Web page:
One critic accused the executive of usurping the powers of the National Assembly and interfering with the work of the judiciary. The critic also condemned the order for duplicity and further expressed the view that it exposed the rivalry among the various law enforcement agencies responsible for combating corruption and money laundering.

Reacting to the issuance of the order, the National Assembly threatened to suspend the order and to remove the powers the President has on asset forfeiture and confer those powers on the High Court where judges can exercise judicial discretion in deciding whether or not to order a forfeiture.

To show solidarity with the executive, some of the legislators elected on the platform of the ruling party in the National Assembly staged a walkout during a plenary session in protest against a motion to suspend the order.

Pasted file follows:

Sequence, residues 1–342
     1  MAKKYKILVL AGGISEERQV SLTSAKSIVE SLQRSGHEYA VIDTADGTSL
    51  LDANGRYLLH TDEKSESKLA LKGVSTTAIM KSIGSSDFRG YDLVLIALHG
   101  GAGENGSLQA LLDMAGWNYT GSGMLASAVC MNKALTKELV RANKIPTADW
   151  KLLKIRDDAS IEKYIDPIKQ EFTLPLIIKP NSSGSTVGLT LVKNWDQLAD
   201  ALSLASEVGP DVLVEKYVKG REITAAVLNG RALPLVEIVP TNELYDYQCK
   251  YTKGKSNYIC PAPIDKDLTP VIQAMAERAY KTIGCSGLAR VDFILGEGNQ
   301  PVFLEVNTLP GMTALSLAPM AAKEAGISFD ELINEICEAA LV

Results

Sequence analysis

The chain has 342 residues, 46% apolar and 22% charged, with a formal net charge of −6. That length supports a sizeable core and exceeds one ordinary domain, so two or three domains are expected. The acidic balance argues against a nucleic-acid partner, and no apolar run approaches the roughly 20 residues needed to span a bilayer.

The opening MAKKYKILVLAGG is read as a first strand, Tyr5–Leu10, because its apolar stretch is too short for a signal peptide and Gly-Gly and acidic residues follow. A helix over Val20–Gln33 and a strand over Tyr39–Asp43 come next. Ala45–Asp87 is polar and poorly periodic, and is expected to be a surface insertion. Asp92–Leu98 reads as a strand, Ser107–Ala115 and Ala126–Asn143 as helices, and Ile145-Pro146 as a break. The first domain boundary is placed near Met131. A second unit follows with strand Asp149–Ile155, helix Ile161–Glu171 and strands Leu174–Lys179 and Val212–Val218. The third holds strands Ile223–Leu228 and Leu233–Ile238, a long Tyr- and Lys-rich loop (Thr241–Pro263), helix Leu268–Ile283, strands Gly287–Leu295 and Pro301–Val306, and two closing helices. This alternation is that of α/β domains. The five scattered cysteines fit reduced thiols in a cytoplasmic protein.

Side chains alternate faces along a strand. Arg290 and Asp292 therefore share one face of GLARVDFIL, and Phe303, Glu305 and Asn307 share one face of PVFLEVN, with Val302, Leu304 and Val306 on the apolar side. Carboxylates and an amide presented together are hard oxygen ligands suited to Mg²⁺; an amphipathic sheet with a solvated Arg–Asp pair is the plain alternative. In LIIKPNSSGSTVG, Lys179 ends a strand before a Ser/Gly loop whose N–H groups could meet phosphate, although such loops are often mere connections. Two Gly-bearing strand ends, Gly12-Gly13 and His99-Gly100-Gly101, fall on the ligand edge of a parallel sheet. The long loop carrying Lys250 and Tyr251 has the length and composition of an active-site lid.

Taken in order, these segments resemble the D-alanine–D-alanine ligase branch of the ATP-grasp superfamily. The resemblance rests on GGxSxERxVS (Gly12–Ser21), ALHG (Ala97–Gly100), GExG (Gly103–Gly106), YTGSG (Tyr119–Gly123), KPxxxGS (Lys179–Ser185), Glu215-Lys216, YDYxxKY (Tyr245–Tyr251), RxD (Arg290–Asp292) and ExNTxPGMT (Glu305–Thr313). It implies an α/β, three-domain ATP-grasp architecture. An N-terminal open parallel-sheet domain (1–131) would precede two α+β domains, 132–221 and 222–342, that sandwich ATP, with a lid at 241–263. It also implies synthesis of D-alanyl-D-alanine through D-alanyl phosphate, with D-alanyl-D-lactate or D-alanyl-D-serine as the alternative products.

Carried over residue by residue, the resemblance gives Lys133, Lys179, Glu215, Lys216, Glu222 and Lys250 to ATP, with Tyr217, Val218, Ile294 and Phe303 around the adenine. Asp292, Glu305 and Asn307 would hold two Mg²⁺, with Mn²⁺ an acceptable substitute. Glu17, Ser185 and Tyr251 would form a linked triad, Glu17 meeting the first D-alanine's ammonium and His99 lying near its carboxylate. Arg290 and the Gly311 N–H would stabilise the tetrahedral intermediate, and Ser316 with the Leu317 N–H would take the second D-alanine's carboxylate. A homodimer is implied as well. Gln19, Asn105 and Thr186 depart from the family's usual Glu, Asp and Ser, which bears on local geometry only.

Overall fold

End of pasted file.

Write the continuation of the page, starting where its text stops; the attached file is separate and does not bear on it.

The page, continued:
Responding to the criticism, the executive arm of the government defended the issuance of the order, saying it signifies a declaration of national emergency on corruption in the country.

Generally, the government sees the order as a powerful tool in pursuing unexplained wealth.

Citing section 5 of the Constitution of the Federal Republic of Nigeria, the government said it is vested with the power to issue Executive Orders and therefore issuing Presidential Executive order 006/2018 is not unconstitutional.

‘Ample’ enforcement framework

Nigeria is not short of legal and institutional frameworks for pursuing unexplained wealth.

The Nigerian Financial Intelligence Unit, the Code of Conduct Bureau, the Economic and Financial Crime Commission, the Independent Corrupt Practices and other Related Offences Commission, and the respective Acts that established these institutions, are an example of laws and institutions available to the government to pursue unexplained wealth.

Other legislation includes the Money Laundering (Prohibition) Act 2012 as amended, and the controversial Recovery of Public Property (Special Provision) Act 1984.